This exceptional antique sterling silver tyg* style cup has a plain bell-shaped form.
The body of this Edwardian cup is encompassed with three applied moulded girdles in addition to an applied moulded border to the rim.
The centre of the body is embellished with the contemporary bright cut engraved coat of arms and crest pertaining to The Honourable Artillery Company (HAC)**.
The heraldic markings ornamented with two supporters: on the dexter side a pikeman, armed and accoutred, supporting with the exterior hand a pike erect proper; and on the sinister side a musketeer with his matchlock, bandoleers and rest, all proper
The shield shaped coat of arms depicts a cross gules (being that of St. George) charged with a lion passant guardant (being part of the Royal Arms of England), on a chief a portcullis of the third between two ostrich feathers erect of the field.
This escutcheon is surmounted with the crest of a dexter arm embowed in armour, the gauntlet grasping a pike in bend sinister, between two dragons' wings each charged with a cross gules.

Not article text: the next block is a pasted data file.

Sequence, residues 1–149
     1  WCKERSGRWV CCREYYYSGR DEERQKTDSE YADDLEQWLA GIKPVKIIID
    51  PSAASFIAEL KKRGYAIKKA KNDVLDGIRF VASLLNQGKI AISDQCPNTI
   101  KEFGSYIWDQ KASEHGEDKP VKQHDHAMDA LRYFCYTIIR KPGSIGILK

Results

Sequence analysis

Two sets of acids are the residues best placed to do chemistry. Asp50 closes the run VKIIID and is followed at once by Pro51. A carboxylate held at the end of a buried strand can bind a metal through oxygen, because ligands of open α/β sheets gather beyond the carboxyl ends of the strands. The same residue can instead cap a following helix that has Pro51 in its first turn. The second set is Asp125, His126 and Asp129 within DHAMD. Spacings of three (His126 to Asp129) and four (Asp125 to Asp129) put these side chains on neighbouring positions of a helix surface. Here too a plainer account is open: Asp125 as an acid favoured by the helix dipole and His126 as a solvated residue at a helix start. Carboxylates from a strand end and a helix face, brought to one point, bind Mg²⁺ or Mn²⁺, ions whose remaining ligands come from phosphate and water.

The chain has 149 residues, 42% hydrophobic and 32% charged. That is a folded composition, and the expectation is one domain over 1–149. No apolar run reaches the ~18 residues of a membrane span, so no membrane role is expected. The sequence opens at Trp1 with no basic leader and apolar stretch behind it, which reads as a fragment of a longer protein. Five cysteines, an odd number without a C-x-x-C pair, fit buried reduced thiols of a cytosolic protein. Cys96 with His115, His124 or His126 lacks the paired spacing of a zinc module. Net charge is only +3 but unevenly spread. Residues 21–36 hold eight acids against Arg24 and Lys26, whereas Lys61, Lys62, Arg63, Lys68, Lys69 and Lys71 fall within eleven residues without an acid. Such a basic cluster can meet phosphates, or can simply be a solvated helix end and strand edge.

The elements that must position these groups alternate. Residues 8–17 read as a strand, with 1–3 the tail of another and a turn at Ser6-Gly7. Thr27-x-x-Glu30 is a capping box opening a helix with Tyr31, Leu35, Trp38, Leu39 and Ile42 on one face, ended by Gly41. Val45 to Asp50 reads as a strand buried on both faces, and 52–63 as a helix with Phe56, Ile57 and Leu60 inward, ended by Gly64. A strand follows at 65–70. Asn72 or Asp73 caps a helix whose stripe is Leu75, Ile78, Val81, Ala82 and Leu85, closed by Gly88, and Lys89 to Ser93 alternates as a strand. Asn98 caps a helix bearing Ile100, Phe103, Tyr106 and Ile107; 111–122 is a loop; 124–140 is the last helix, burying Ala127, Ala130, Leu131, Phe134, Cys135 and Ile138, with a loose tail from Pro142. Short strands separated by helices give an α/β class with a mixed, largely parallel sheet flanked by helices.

The contemporary engraved decoration to the body incorporates the HAC motto 'Arma pacis fulcra' - Armed Strength for Peace.
This impressive Edwardian silver cup is fitted with three C scroll handles, each with lobed terminals flanked with the aforementioned girdles.
The vessel is supported by three exceptional cast and applied paw style feet, incorporating fur textures to the elongated legs.
This exceptional cup was crafted by John Thomas Heath & John Hartshorne Middleton of Hukin & Heath, subsequently Hukin & Heath Ltd.
* A tyg is a large English mug/drinking vessel with three or more handles. The mug was made to be shared, and handed round between several drinkers.
** The Honourable Artillery Company (HAC) is the second oldest military corporation in the world; it was incorporated by royal charter in 1537 by King Henry VIII. To date the HAC is a registered charity noted to attend to 'better defence of the realm'.
Learn more about the history of antique silver cups and trophies